Makeup Tips For Seniors

Recently, Family Care magazine received a letter from an ‘oldie’ who asked for some makeup tips for the more mature woman. Ula Western, of Coopers Beach, kindly provided some basic tips and rules for people aged 60+.

Face

  • Firstly, for the older age group (or any age for that matter), less is more. When applied well, people shouldn’t be 100% sure you are even wearing foundation!
  • Don’t focus on hiding what you don’t want others to see; enhance the things you do want people to notice (your eyes or smile).
  • Try not to over-cleanse your skin. In the mornings, rinse your face with water using a warm washcloth (or muslin), finishing with an alcohol free toner and moisturiser so you don’t strip your skin of its natural oils.
  • Reassess the colour of your foundation or makeup base. Our skin loses colour as we age and this needs to be taken into account.
  • Your makeup should blend seamlessly into your jaw.
  • Light-reflecting bases containing ingredients like zinc or titanium oxides are a great option for mature skin, and photograph nicely while having the bonus of sun protection.
  • Liquid foundations or mousses work well, though I like Jane Iredale loose powder on mature skin (depending on the coverage you are wanting). Take care with powders and use a quality product.
  • To cover dark circles or age spots I press and roll powder into specific areas; if you use a thicker concealer, blend it in with your finger or a sponge (press and roll).
  • Gently stretch your skin as you apply your base or foundation and carefully work the product into the area to ensure even coverage.
  • When it comes to blush, a warm light peach, soft pink, or bronze will add gentle colour to your cheeks, giving you a healthy glow without looking harsh. Use blush sparingly and touch it up if needed during the day, rather than using too much initially. Cream blush is good, as you can blend it into your skin and get it right into any lines.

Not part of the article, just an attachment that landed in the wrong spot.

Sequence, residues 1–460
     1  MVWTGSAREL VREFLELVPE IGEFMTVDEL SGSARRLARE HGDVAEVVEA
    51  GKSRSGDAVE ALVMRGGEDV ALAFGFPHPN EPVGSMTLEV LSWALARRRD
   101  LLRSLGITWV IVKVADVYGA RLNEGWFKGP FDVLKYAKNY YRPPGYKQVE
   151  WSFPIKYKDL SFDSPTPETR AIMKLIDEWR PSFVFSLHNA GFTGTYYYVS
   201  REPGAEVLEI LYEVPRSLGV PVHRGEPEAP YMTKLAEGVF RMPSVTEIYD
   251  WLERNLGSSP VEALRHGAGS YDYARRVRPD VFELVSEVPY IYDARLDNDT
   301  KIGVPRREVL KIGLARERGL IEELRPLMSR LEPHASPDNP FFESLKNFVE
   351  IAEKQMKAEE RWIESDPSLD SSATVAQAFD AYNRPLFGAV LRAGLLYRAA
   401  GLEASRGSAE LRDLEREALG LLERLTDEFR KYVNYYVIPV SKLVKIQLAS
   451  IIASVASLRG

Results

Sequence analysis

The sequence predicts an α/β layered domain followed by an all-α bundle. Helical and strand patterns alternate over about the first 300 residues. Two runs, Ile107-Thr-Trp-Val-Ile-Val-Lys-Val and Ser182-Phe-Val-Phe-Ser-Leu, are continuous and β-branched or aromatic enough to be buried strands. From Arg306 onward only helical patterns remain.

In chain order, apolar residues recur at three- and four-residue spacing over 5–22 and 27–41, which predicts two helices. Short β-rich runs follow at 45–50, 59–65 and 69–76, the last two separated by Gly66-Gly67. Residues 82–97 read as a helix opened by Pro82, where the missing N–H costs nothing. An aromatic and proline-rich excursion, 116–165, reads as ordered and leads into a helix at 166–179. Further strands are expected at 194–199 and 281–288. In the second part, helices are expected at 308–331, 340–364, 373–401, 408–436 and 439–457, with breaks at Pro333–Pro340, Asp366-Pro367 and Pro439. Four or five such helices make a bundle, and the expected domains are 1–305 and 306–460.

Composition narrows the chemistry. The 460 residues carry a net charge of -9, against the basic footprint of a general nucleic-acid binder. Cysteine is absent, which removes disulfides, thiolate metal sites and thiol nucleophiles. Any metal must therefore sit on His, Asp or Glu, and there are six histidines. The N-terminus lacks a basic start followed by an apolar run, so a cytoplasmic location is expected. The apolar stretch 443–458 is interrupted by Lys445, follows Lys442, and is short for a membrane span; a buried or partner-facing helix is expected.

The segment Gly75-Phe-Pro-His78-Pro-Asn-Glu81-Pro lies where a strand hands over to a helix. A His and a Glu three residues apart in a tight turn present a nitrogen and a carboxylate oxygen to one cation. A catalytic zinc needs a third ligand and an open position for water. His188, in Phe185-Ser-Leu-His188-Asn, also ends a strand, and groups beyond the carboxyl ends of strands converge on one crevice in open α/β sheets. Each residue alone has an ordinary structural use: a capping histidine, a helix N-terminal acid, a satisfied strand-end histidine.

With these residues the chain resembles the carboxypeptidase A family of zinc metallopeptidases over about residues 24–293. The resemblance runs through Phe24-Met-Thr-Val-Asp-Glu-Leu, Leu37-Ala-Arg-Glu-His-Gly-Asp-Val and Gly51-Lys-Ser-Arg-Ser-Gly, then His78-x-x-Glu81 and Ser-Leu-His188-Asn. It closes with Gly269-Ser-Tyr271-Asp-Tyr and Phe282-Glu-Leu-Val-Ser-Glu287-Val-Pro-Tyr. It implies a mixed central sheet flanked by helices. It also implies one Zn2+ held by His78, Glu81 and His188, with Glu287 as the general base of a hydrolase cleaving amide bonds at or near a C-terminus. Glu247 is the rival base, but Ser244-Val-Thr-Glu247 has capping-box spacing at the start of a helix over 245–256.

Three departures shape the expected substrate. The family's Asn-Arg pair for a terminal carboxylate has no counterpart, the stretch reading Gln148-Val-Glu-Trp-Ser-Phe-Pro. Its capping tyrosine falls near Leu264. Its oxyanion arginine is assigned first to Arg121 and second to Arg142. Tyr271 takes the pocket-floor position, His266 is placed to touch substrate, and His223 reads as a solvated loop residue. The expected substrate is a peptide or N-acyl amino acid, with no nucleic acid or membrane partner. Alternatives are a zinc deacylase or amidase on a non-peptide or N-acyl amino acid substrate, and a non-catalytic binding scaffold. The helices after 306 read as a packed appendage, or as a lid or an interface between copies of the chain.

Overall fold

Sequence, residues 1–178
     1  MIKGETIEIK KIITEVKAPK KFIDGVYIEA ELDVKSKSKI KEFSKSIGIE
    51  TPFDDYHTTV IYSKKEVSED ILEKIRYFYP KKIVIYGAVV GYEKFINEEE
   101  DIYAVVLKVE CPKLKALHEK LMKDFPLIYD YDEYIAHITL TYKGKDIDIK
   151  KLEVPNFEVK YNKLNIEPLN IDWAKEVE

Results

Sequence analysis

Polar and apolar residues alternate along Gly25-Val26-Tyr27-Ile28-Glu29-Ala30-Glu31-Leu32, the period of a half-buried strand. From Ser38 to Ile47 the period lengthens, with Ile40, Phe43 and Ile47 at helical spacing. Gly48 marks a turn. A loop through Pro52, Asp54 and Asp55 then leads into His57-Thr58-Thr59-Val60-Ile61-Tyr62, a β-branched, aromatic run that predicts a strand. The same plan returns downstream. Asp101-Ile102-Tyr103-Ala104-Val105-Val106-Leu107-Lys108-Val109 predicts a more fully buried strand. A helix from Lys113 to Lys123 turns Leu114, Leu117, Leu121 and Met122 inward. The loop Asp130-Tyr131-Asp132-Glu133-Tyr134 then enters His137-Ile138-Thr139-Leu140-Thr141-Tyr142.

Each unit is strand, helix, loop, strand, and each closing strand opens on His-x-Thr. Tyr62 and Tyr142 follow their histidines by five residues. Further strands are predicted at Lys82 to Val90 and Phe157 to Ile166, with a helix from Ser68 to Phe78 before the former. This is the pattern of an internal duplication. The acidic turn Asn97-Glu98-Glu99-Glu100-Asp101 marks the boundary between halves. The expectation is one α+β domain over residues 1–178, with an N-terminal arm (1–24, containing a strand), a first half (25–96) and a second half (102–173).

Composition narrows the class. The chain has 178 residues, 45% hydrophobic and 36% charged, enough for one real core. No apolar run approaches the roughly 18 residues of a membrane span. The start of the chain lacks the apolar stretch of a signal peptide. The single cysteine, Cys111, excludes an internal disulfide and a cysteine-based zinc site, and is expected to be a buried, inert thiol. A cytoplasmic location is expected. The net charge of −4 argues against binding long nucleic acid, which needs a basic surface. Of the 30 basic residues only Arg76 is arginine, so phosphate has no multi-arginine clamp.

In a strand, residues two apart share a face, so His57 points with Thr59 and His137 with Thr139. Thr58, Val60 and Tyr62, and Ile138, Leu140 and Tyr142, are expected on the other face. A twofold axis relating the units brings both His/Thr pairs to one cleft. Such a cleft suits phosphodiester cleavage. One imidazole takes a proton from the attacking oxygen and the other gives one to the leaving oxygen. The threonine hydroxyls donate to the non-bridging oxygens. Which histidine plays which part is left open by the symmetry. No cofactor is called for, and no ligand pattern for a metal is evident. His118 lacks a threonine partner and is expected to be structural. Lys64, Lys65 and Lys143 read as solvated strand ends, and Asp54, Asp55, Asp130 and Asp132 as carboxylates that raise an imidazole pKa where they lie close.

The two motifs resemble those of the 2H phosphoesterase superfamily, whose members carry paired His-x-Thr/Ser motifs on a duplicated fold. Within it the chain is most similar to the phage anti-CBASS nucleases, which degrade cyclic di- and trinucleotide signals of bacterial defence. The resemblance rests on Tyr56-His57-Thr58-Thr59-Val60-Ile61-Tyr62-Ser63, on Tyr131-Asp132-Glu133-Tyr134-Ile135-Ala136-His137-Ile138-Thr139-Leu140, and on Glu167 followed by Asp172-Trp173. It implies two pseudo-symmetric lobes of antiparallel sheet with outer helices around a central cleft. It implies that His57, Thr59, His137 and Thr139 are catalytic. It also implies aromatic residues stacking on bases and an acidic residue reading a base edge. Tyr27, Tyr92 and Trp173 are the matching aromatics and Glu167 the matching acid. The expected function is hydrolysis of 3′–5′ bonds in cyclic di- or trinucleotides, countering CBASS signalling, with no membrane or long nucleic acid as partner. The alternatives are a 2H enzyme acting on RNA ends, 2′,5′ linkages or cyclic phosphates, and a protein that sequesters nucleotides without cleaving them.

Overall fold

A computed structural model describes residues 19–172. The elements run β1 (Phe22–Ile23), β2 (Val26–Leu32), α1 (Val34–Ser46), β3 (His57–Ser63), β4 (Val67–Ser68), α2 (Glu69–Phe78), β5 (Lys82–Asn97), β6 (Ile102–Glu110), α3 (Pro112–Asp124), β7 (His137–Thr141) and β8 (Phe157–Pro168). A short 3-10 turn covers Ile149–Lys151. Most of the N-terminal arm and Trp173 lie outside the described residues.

• Only use a powder blush on top of powder foundation or face powder, and only use a cream blush on top of cream or liquid foundation … otherwise they won’t mesh. If your cheeks aren’t lined you can use either cream or powder blush, but if there are visible lines cream blush is best. Apply it under a light powder foundation if you prefer face powders (don’t go over the top)!

Lips

  • Strong lipsticks can be ageing as we get older, so choose carefully. I don’t like to say you can’t use bright colours when you’re older, as I have some clients in their 60sand 70s who look amazing with their trademark red or pink lips … but these colours don’t look good on every older woman. Try softening bold lipsticks by mixing them with a lip balm or gloss, using a natural pencil liner underneath.
  • As we get older our lips tend to thin. There are some great lip enhancers on the market which can plump up your lips a little. I like to use the ones containing peppermint or ginger, which increase circulation to the lips to give them a softer, fuller look. If your lips are small, steer away from dark, strong colours; instead, use colours that are close to your natural lip tone (maybe a shade darker).